"Reply" at 1.675,8.983 ljust
"Read req" at 1.675,9.358 ljust
"Reply" at 1.675,9.608 ljust
"Read + lease req" at 1.675,9.921 ljust
"Read syscall" at 0.425,9.921 ljust
.ps
.ft
.PE
.sp
.)z
.(z
.sp
.PS
.ps
.ps 50
line from 1.175,5.700 to 1.300,5.700
line from 0.738,5.700 to 1.175,5.700
line from 2.987,6.638 to 2.987,6.075
.ps
.ps 10
dashwid = 0.050i
line dashed from 2.987,6.575 to 2.987,5.950
line dashed from 1.488,6.575 to 1.488,5.888
.ps
.ps 50
line from 2.987,9.762 to 2.987,6.638
line from 1.488,9.450 to 1.488,7.700
.ps
.ps 10
line from 2.987,6.763 to 1.488,6.575
line from 1.584,6.612 to 1.488,6.575 to 1.590,6.563
line from 1.488,7.013 to 2.987,6.825
line from 2.885,6.813 to 2.987,6.825 to 2.891,6.862
line from 2.987,7.325 to 1.488,7.075
line from 1.582,7.116 to 1.488,7.075 to 1.590,7.067
line from 1.488,7.700 to 2.987,7.388
line from 2.885,7.383 to 2.987,7.388 to 2.895,7.432
line from 2.987,8.575 to 1.488,8.325
line from 1.582,8.366 to 1.488,8.325 to 1.590,8.317
line from 1.488,8.887 to 2.987,8.637
line from 2.885,8.629 to 2.987,8.637 to 2.893,8.679
line from 2.987,9.637 to 1.488,9.450
line from 1.584,9.487 to 1.488,9.450 to 1.590,9.438
line from 1.488,9.887 to 2.987,9.762
line from 2.886,9.746 to 2.987,9.762 to 2.890,9.796
line dashed from 2.987,10.012 to 2.987,6.513
line dashed from 1.488,10.012 to 1.488,6.513
.ps
.ps 12
.ft
.ft R
"write" at 4.237,5.921 ljust
"Lease valid on machine" at 1.425,5.733 ljust
.ps
.ps 14
"Diagram #2: Write Caching Lease" at 0.738,5.551 ljust
"Server" at 2.675,10.114 ljust
"Client A" at 1.113,10.114 ljust
.ps
.ps 12
"seconds after last" at 3.112,5.921 ljust
"Expires write_slack" at 3.112,6.108 ljust
"due to write activity" at 3.112,6.608 ljust
"Expiry delayed" at 3.112,6.796 ljust
"Lease times out" at 3.112,7.233 ljust
"Lease renewed" at 3.175,8.546 ljust
"Lease for client A" at 3.175,9.358 ljust
"Write caching" at 3.175,9.608 ljust
"Reply" at 1.675,6.733 ljust
"Write req" at 1.988,7.046 ljust
"Reply" at 1.675,7.233 ljust
"Write req" at 1.675,7.796 ljust
"Lease expires" at 0.487,7.733 ljust
"Close syscall" at 0.487,8.108 ljust
"lease granted" at 1.675,8.546 ljust
"Get write lease" at 1.675,8.921 ljust
"before expiry" at 0.487,8.608 ljust
"Lease renewal" at 0.487,8.796 ljust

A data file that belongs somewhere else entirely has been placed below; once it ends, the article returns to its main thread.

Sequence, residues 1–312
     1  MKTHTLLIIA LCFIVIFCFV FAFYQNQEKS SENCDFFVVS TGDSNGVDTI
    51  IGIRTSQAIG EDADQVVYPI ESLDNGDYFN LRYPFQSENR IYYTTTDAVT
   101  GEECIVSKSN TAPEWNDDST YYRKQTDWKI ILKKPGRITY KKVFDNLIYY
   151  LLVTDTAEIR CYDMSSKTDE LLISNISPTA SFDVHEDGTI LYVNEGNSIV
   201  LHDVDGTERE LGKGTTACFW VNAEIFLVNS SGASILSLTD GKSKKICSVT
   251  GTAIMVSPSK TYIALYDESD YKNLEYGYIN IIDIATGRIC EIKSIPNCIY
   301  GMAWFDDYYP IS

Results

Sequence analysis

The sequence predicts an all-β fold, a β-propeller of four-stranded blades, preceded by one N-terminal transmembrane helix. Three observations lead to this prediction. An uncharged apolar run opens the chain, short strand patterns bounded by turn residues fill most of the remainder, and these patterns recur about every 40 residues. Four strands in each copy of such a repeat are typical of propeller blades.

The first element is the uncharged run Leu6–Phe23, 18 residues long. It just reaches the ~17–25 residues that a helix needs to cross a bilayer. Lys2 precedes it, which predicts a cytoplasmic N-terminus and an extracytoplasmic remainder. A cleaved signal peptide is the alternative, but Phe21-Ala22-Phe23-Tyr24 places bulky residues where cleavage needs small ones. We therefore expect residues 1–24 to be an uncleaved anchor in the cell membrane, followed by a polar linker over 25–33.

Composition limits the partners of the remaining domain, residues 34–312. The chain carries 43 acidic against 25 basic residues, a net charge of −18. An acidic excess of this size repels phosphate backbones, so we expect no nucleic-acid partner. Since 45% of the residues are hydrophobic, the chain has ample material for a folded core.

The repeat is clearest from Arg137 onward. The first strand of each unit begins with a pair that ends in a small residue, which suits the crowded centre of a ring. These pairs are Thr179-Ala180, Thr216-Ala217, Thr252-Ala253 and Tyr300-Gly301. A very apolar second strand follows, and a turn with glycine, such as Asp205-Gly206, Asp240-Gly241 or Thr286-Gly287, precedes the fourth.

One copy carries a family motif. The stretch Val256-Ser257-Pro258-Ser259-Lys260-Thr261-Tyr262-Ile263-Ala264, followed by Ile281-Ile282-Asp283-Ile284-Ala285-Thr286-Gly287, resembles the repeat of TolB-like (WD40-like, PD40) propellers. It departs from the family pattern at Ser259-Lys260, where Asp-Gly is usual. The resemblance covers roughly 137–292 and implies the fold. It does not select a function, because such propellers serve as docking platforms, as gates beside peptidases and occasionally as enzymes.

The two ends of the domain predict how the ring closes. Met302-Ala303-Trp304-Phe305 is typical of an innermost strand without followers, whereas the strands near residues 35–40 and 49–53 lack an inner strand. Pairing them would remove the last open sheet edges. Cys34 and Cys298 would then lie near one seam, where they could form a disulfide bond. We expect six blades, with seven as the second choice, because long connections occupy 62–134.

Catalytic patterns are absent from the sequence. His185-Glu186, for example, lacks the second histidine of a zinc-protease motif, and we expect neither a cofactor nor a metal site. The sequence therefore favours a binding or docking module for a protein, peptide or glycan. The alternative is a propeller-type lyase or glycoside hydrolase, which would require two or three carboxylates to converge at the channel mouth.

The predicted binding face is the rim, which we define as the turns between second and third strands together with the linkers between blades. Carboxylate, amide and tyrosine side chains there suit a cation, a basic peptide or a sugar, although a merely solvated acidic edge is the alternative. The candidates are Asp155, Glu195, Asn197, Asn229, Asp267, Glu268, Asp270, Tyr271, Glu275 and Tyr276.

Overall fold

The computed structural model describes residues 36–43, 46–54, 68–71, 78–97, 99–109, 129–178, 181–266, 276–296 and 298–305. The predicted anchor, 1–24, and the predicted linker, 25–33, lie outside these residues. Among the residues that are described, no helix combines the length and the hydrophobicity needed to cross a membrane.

"syscalls" at 0.487,9.046 ljust
"Delayed write" at 0.487,9.233 ljust
"lease granted" at 1.675,9.608 ljust
"Get write lease req" at 1.675,9.921 ljust
"Write syscall" at 0.487,9.858 ljust
.ps
.ft
.PE
.sp
.)z
.(z
.sp
.PS
.ps
.ps 50
line from 0.613,2.638 to 1.238,2.638
line from 1.488,4.075 to 1.488,3.638
line from 2.987,4.013 to 2.987,3.575
line from 4.487,4.013 to 4.487,3.575
.ps
.ps 10
line from 2.987,3.888 to 4.487,3.700
line from 4.385,3.688 to 4.487,3.700 to 4.391,3.737
line from 4.487,4.138 to 2.987,3.950
line from 3.084,3.987 to 2.987,3.950 to 3.090,3.938
line from 2.987,4.763 to 4.487,4.450
line from 4.385,4.446 to 4.487,4.450 to 4.395,4.495
.ps
.ps 50
line from 4.487,4.438 to 4.487,4.013
.ps
.ps 10
line from 4.487,5.138 to 2.987,4.888
line from 3.082,4.929 to 2.987,4.888 to 3.090,4.879
.ps
.ps 50
line from 4.487,6.513 to 4.487,5.513
line from 4.487,6.513 to 4.487,6.513 to 4.487,5.513
line from 2.987,5.450 to 2.987,5.200
line from 1.488,5.075 to 1.488,4.075
line from 2.987,5.263 to 2.987,4.013
line from 2.987,7.700 to 2.987,5.325
line from 4.487,7.575 to 4.487,6.513
line from 1.488,8.512 to 1.488,8.075
line from 2.987,8.637 to 2.987,8.075
line from 2.987,9.637 to 2.987,8.825
line from 1.488,9.450 to 1.488,8.950
.ps
.ps 10
line from 2.987,4.450 to 1.488,4.263
line from 1.584,4.300 to 1.488,4.263 to 1.590,4.250
line from 1.488,4.888 to 2.987,4.575
line from 2.885,4.571 to 2.987,4.575 to 2.895,4.620
line from 2.987,5.263 to 1.488,5.075
line from 1.584,5.112 to 1.488,5.075 to 1.590,5.063
line from 4.487,5.513 to 2.987,5.325
line from 3.084,5.362 to 2.987,5.325 to 3.090,5.313
line from 2.987,5.700 to 4.487,5.575
line from 4.386,5.558 to 4.487,5.575 to 4.390,5.608
line from 4.487,6.013 to 2.987,5.825
line from 3.084,5.862 to 2.987,5.825 to 3.090,5.813
line from 2.987,6.200 to 4.487,6.075
line from 4.386,6.058 to 4.487,6.075 to 4.390,6.108
line from 4.487,6.450 to 2.987,6.263
line from 3.084,6.300 to 2.987,6.263 to 3.090,6.250
line from 2.987,6.700 to 4.487,6.513
line from 4.385,6.500 to 4.487,6.513 to 4.391,6.550
line from 1.488,6.950 to 2.987,6.763
line from 2.885,6.750 to 2.987,6.763 to 2.891,6.800
line from 2.987,7.700 to 4.487,7.575
line from 4.386,7.558 to 4.487,7.575 to 4.390,7.608
line from 4.487,7.950 to 2.987,7.763
line from 3.084,7.800 to 2.987,7.763 to 3.090,7.750
line from 2.987,8.637 to 1.488,8.512
line from 1.585,8.546 to 1.488,8.512 to 1.589,8.496
line from 1.488,8.887 to 2.987,8.700
line from 2.885,8.688 to 2.987,8.700 to 2.891,8.737
line from 2.987,9.637 to 1.488,9.450
line from 1.584,9.487 to 1.488,9.450 to 1.590,9.438
line from 1.488,9.950 to 2.987,9.762
line from 2.885,9.750 to 2.987,9.762 to 2.891,9.800
dashwid = 0.050i
line dashed from 4.487,10.137 to 4.487,2.825
line dashed from 2.987,10.137 to 2.987,2.825
line dashed from 1.488,10.137 to 1.488,2.825
.ps
.ps 12
.ft
.ft R
"(not cached)" at 4.612,3.858 ljust
.ps
.ps 14
"Diagram #3: Write sharing case" at 0.613,2.239 ljust
.ps
.ps 12
"Write syscall" at 4.675,7.546 ljust
"Read syscall" at 0.550,9.921 ljust
.ps
.ps 14